“For I was hungry, and you gave Me something to eat; I was thirsty, and you gave Me something to drink; I was a stranger, and you invited Me in; naked, and you clothed Me; I was sick, and you visited Me; I was in prison, and you came to Me.”
Caroline Chisholm took these words of our Lord seriously and devoted her entire adult life to helping those who could not help themselves. She became known as the “Emigrant’s Friend” even in her own day. Thousands of emigrants owed their new lives to her.
Caroline Jones was born on a farm in Northampton, England in 1808. Her parents were godly people and her father was known as a man who was generous and kind. When Caroline was only five years old, her father helped a refugee priest from France who was being abused by the villagers. This was during the time of the Napoleonic War and many Christians had to flee from France where religious people were being severely persecuted. Though Caroline’s family was Protestant, her father treated all people with equanimity. While the priest lived with them he told Caroline many stories about France and other far away lands. Caroline loved these stories and was impressed with the humble character of this man. Later, she would become a Catholic, but more importantly, she would desire to carry on her father’s tradition of helping others.
So firm was she in her resolve to make her life’s work one of helping others that she told her fiancé, Archibald Chisholm, a Lieutenant in the infantry, that she would not marry him unless he was willing to let her have the freedom to do the works of service that she desired. She asked him to part from her for one month and think about it. Thirty-one days later, he came back to the Jones’ home and asked Caroline to marry him. From then on they had an understanding about what really mattered in life. They were able to build their marriage on trust and friendship while maintaining their dignity and individual personality. In fact, Archie would support Caroline’s ventures later in their lives when he retired from the infantry.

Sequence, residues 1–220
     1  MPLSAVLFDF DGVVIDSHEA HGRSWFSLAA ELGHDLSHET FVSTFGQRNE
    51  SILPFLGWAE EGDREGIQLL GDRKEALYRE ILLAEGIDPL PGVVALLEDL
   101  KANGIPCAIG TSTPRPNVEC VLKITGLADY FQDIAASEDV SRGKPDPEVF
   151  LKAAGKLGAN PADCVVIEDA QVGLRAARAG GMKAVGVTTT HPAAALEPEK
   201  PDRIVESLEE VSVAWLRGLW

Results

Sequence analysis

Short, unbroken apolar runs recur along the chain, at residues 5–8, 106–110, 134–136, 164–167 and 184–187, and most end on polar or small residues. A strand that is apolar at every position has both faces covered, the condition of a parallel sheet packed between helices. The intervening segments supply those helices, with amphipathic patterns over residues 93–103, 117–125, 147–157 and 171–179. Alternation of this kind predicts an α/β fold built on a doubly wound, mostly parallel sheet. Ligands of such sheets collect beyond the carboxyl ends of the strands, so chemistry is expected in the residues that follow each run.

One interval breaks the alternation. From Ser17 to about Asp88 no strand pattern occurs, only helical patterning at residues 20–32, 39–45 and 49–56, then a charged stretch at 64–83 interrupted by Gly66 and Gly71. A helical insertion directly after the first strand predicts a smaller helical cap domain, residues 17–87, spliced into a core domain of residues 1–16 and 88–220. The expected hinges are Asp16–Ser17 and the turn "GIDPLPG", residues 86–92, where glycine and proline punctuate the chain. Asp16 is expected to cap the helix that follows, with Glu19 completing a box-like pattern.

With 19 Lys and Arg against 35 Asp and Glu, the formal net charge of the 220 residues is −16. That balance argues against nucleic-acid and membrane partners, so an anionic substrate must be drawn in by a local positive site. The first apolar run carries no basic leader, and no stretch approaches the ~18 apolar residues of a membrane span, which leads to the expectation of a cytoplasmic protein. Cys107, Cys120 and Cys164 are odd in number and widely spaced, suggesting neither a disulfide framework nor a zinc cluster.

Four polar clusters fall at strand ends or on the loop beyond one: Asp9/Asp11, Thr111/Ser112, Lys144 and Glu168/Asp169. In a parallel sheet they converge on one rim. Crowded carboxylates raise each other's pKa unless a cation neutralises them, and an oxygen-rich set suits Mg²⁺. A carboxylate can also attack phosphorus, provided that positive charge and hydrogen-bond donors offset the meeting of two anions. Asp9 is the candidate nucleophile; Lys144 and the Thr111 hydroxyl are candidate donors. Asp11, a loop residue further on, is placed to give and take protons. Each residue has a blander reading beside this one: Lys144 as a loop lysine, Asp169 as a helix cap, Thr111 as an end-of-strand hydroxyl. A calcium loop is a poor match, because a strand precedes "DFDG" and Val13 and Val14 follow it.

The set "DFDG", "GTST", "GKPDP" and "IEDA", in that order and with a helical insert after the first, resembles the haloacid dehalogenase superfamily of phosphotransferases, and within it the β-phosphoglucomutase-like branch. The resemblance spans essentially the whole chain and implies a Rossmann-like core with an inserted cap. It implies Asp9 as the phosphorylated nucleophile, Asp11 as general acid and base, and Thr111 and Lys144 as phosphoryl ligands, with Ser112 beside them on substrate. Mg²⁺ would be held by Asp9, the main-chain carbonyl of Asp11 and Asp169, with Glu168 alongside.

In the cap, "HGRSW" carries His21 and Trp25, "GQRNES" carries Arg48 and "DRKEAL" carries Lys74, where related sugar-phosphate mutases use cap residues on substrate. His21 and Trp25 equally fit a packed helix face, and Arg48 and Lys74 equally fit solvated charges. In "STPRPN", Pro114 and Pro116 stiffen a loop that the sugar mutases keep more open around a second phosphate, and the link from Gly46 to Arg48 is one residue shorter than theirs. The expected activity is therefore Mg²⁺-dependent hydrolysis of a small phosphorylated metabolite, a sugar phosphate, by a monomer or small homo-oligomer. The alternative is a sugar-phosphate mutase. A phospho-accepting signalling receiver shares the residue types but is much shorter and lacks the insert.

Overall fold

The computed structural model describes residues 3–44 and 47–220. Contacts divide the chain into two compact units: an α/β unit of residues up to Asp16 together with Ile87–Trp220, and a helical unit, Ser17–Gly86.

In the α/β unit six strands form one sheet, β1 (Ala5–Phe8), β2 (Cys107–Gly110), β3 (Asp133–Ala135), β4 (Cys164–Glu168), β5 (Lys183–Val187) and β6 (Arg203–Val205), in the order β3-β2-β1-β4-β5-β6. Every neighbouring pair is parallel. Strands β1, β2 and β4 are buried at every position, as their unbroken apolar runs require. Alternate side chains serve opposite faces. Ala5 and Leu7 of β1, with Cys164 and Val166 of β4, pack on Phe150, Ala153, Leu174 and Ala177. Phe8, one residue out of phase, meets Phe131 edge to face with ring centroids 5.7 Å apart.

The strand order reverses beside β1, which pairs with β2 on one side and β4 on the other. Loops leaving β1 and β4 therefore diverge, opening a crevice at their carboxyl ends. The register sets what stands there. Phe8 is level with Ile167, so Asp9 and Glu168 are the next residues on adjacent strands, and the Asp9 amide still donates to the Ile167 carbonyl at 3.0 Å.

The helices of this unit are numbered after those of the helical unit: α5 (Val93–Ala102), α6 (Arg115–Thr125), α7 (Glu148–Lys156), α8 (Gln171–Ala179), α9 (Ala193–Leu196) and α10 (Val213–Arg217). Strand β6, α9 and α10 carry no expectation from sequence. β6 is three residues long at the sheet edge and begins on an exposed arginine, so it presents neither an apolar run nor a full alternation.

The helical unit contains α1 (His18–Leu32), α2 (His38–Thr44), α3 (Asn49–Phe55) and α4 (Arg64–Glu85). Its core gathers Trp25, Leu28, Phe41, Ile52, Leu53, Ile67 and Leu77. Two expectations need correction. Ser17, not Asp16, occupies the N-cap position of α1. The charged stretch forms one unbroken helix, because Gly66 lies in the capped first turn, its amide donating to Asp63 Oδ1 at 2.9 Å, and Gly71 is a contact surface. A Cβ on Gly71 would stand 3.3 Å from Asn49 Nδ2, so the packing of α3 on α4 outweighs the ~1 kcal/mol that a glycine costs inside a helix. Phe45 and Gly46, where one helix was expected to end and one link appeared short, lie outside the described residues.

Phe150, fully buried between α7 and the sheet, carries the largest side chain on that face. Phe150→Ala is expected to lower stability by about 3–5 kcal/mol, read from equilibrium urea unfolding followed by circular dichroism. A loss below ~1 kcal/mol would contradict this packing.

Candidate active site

In the early part of their marriage, Archie was sent to India. Caroline had a hard time fitting in with the other officer’s wives. She did not want to live their life of ease and frittering away their time with gossip. She noticed that the children of the poorer soldiers were mistreated. She went to work starting a school for them. Besides teaching them to read, write, and do sums, she gave them a practical education. They learned cooking, housekeeping, and moral values. In 1838, when Archie was transferred to Australia, she was sad to leave her school, but she had established it well and others were able to take it over and run it successfully.
It was in Australia where Caroline really came into her own. She noticed that the young immigrant girls who arrived in Sydney would stand around at the docks, lost and lonely. She tried to find a place for them to work and succeeded in locating homes for many of them where families needed help. This helped a few girls, but shipload after shipload arrived with young women and the government was doing nothing to help them.
Caroline began to study the immigration problem. She gathered and compiled thousands of pages of statistics, evidence, and personal stories to give to the British government in an effort to get them to help with the problem. The government’s policies for immigration were abysmal. They basically ignored their penal colony in Australia.
There were so many more girls than Caroline could find places for in the short term, that she set up hostels for them. In Sydney, she fought for and finally obtained an old building to house them in.
A story that illustrates her determination, her love for the girls, her humility, her genius, and her strong courage is the story of the night she spent with the rats.